Unlisted, the share trading platform, has been granted an exemption from licensing requirements of the Financial Markets Conduct Act by Commerce Minister Paul Goldsmith.
Unlisted sought an exemption to run its 12-year-old market, owned by Efficient Market Services (EMS), under the Financial Markets Conduct Act, which came into force in December.
Unlisted currently requires minimal disclosure, keeping costs low for the 14 securities that trade on its platform.
"Unlisted will be allowed to continue as a trading platform with a number of conditions in place to help reduce the risks of it operating as an unlicensed market," Mr Goldsmith said in a statement.
"Unlisted has been operating as an alternative market for investors since December 2003 and makes up a small portion of New Zealand's market capitalisation. Without this exemption, it was likely that Unlisted would be forced to shut down or materially change its operating structure."
The ministerial exemption means the market can continue as an unlicensed platform, but its website will be required to make its unlicensed status clear and investors will need to sign a declaration acknowledging the risks involved.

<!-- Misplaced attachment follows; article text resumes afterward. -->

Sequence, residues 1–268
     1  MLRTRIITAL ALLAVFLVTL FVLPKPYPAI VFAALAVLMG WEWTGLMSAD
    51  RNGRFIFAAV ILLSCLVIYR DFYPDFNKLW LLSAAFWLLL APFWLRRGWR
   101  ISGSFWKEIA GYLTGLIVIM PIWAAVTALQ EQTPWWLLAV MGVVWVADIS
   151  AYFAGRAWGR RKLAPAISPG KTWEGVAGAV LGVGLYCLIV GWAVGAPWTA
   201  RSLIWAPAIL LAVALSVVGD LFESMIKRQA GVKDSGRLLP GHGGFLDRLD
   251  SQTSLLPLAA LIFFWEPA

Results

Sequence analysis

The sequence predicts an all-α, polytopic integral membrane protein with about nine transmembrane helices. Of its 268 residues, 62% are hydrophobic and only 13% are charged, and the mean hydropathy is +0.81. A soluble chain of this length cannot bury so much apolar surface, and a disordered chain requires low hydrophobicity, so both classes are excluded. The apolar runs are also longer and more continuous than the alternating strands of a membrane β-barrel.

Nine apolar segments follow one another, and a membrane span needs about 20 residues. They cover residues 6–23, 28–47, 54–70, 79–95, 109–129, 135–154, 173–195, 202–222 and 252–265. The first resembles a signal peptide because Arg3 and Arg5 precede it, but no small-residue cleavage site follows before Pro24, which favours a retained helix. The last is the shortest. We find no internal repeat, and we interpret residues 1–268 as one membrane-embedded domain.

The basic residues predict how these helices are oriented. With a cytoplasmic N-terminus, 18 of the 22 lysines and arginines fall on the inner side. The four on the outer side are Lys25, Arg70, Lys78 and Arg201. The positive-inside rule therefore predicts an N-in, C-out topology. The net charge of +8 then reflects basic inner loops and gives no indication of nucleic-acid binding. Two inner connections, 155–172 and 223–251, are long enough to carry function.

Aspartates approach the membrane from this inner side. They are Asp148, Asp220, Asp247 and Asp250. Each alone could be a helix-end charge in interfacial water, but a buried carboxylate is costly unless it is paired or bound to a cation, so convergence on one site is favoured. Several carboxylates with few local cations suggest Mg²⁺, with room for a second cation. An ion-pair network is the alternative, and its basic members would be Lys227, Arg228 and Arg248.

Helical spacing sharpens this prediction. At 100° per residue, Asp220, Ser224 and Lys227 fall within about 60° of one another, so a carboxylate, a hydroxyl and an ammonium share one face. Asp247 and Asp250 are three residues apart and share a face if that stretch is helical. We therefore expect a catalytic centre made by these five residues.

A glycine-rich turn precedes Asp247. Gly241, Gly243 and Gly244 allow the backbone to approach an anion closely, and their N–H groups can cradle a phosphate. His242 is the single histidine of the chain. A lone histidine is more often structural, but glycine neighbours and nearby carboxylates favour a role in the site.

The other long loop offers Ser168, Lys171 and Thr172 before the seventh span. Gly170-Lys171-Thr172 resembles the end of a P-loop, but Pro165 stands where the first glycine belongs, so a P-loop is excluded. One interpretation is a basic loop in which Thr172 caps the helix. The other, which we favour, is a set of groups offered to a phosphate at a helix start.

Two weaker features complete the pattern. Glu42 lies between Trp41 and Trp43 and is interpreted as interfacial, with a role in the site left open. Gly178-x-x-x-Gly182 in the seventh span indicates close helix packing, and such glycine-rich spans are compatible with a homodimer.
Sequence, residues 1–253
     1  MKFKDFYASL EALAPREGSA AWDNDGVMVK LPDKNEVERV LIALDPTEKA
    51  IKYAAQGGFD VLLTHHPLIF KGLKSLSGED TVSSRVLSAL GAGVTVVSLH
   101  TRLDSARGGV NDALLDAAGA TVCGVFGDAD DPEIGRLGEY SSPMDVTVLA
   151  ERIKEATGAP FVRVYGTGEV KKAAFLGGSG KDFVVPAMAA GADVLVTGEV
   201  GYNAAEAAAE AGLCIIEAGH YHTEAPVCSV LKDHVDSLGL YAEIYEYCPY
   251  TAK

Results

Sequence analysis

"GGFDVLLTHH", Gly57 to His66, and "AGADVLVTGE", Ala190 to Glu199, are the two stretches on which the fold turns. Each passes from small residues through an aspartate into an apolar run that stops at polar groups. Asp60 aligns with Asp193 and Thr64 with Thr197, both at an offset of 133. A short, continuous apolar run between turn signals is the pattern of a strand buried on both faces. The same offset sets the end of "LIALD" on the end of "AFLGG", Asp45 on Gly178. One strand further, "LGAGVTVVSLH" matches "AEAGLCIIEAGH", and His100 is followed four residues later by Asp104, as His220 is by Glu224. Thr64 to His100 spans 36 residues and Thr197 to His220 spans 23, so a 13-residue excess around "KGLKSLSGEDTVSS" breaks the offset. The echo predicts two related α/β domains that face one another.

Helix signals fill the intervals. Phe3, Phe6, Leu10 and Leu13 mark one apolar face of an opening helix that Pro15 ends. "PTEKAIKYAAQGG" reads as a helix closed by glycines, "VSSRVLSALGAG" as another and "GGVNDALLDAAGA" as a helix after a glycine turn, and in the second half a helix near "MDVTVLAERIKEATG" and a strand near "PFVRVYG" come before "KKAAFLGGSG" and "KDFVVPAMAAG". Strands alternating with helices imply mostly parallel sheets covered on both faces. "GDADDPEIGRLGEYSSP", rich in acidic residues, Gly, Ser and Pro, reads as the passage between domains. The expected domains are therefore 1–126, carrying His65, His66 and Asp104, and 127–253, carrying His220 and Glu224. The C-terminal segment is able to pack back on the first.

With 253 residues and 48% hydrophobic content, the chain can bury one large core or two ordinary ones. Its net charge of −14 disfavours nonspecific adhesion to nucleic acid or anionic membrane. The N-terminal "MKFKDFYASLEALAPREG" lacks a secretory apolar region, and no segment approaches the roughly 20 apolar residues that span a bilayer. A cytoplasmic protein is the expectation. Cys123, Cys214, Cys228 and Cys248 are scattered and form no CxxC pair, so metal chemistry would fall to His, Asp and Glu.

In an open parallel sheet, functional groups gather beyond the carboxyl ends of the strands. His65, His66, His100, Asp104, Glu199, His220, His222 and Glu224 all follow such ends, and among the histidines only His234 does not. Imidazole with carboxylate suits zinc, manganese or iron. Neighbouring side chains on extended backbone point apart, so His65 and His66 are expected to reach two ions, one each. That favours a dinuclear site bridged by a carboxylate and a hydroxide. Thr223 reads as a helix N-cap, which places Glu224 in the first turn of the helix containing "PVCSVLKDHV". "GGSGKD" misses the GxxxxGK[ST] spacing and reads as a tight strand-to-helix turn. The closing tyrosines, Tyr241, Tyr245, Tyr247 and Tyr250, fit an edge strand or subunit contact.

Unlisted faced stiff opposition from New Zealand's only registered stock market operator, NZX, to remain an unlicensed platform.
NZX said in its submission to the Ministry of Business, Innovation and Employment last month that it "strongly opposes" the platform being exempted from new licensing requirements, arguing its lack of basic shareholder protections could tarnish the reputation of the country's capital markets.
Mr Goldsmith said in granting Unlisted an exemption he had considered the "risks and benefits" and said his decision was in line with the purposes of FMCA "which recognises that one size doesn't fit all when it comes to financial markets".
Companies trading on Unlisted include Silver Fern Farms, New Zealand's biggest meat processor and marketer, Queenstown tourism company Skyline Enterprises, and biotechnology company PharmaZen.